Let the light shine on public records and government transparency


I’m not sure if the sun shines brighter in Newcastle than in other parts of the state — but that town’s newspaper publisher Bob Bonnar is all about bringing public activities and expenditures into the light of day.

As a journalist in Wyoming for almost half a century, I can attest that reporters have been battling some public officials nonstop to make their meetings, their activities and their expenditures public. It has been a long, grueling battle, but there is now some hope.

Bonnar heaps credit on a joint legislative committee that recently passed a bill 8–4, which offers sweeping new ideas for shining public light on public activities. Sen. Cale Case (R-Lander) was chair.

Usually the fights over exposing public activities concern money. My first serious fight was with the local school district over releasing test scores way back in 1981.

Here in Lander, we thought we had the best school in the state with highly-paid teachers and outstanding facilities. The high school was famous for its open campus and its 18-credit minimum for graduation. Kids were enjoying it and everybody else was too.

My kid brother, Ron Sniffin, who now lives in Cheyenne and is executive director of the Wyoming Education Association, took advantage of it. At age 16, he graduated early from the Lander high school and we promptly hired him as ad director to sell advertising for the Greybull Standard. It’s a pretty amazing story — ask him about it some time. But I digress.

Then we tried to find out what our school’s cumulative test scores were in the Iowa Tests of Basic Skills, a national academic test comparing our schools with other schools in the country.

I had been looking over our daughters’ test scores at home one night and it made me wonder how our school did as a whole.

I was stonewalled by the school administration, which certainly made me wonder what they were trying to hide. They truly circled the wagons and my only source of information was the school attorney.

We finally got the information after hiring our own lawyer to force the school to release the scores. We broke the story that our high school and junior high were in the bottom 25 percent of the country! The stories created a sensation.

Pretty soon the superintendent (who was a very good friend) and the principals were gone.  School board members were replaced. Graduation requirements went up to 24 credit hours and the campus was closed.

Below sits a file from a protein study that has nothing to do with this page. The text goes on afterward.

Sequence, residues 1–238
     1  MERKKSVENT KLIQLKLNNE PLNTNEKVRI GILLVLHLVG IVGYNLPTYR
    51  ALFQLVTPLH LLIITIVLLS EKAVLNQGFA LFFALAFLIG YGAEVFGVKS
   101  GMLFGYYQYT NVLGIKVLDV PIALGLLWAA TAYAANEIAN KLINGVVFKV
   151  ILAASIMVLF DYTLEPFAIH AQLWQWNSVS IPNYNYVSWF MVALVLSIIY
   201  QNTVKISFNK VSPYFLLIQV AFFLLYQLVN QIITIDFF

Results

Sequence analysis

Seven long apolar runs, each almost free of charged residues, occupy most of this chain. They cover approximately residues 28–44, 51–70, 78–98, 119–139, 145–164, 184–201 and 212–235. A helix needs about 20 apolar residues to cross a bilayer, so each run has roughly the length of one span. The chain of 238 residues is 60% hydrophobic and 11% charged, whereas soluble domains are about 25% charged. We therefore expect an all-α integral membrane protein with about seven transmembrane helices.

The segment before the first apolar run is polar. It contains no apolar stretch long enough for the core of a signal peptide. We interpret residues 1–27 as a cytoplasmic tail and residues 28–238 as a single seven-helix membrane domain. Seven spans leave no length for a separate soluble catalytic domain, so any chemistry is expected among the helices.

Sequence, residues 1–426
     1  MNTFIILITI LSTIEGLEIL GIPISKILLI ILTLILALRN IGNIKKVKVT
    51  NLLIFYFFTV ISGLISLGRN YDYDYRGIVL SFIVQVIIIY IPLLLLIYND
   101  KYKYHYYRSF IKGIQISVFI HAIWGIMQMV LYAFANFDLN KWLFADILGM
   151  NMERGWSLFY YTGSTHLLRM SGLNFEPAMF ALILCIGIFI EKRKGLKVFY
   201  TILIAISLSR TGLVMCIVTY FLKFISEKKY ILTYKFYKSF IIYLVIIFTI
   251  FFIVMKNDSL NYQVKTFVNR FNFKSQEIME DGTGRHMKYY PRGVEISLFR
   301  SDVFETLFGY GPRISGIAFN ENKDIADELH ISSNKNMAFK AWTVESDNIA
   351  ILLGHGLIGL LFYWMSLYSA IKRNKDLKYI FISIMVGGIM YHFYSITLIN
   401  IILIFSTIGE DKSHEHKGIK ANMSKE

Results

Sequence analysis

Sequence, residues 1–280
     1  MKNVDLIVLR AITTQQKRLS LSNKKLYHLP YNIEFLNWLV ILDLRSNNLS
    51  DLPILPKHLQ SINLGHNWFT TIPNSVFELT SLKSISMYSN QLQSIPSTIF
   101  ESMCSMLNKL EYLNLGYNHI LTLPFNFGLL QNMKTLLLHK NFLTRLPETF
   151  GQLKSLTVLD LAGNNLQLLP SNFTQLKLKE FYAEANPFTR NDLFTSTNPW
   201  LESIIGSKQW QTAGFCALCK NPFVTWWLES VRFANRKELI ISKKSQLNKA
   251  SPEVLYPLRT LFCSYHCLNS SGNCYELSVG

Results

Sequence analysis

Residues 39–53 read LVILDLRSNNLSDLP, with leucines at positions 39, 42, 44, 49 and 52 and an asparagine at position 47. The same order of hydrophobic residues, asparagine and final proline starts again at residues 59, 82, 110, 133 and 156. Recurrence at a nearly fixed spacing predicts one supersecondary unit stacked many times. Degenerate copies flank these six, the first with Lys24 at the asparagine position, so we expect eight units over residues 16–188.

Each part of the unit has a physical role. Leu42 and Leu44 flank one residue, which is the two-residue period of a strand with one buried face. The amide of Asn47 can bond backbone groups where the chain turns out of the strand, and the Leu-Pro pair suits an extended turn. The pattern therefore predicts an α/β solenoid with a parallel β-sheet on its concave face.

The parents were irate to read about the horrible scores, as they should have been. And this episode surely showed the importance of transparency. 

At one point that superintendent complained at a Rotary meeting which I was attending, that he was a victim of “the power of the press.”

I had to stand up and explain that, “No, he was incorrect. What was happening here was the ‘power of information.’”

And that is what is being discussed right now as this tentative bill goes forward.

Although the state’s economy is improving, one of our biggest problems is that the people do not know where the tax money that is already being collected is being spent.

With transparency and open records, the “power of information” will be given to concerned citizens and groups, which will make all our governmental agencies more accountable.

Publisher Bonnar wrote a fine editorial about the proposed bill, part of which is as follows:

“Passage of this bill should provide that motivation, as it allows public officials to be charged with a misdemeanor if they fail to produce requested records within the allotted time out of negligence, but more importantly it makes the offense a felony if records are ‘knowingly or intentionally’ withheld from the public.

“Legislators will be hearing how ‘concerned’ government officials are about that provision, and that is exactly why they need to pass the bill. If officials aren’t concerned about what happens when they don’t allow access to public documents, citizens won’t ever have the access they are entitled to. It is time to let the sun shine on public business in Wyoming, and the best way to accomplish that is to go after the officials who deliberately try to keep us in the dark.”

Wyoming is loaded with public agencies at all levels that are spending the public’s money. And let’s assume that dedicated and honest public servants operate most of them. This bill can help shed much-needed light on all of them.  It is long overdue.

Check out additional columns at www.billsniffin.com. He has published six books.  His coffee table book series has sold 34,000 copies. You can find them at www.wyomingwonders.com.

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